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27 September 2011 Fluid jet and bonnet polishing of optical moulds for application from visible to x-ray
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Electroless Nickel (ENi) and binderless Tungsten Carbide (WC) are materials widely used in industry to make replication moulds for precision optics, with applications ranging from consumer camera lenses to high accuracy X-ray mirrors. The aspheric shape generation is generally performed by diamond turning in the case of Nickel, and micro-grinding in the case of Tungsten Carbide. However, both machining methods fall short from meeting the ultra-precision criteria required by an increasing number of applications, because of insufficient form accuracy and the frequency content of the machining marks they leave on the surface. It is thus commonly observed in industry that moulds need to be subsequently polished by hand, a usually slow and human resource intensive operation. The Zeeko 7-axis CNC machine, equipped with sub-aperture fluid jet and precessed bonnet polishing technology, has been used to develop deterministic finishing processes on both Electroless Nickel and Tungsten Carbide. Corrective polishing to less than λ/20 (<31nm PV) form error can be achieved, as well as the ability to smooth surface texture down to 1nm Ra or less, in a time efficient manner.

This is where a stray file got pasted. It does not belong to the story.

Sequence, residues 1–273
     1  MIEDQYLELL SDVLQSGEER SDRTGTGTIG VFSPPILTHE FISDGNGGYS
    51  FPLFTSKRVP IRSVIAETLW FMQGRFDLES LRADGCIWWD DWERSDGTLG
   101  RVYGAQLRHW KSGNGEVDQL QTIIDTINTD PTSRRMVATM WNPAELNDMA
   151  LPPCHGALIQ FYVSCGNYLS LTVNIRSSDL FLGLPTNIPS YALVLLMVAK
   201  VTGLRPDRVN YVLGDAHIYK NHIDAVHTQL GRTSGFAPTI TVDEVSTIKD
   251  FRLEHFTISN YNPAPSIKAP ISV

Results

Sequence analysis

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Anthony T. H. Beaucamp, Richard R. Freeman, Akihiro Matsumoto, and Yoshiharu Namba "Fluid jet and bonnet polishing of optical moulds for application from visible to x-ray", Proc. SPIE 8126, Optical Manufacturing and Testing IX, 81260U (27 September 2011);


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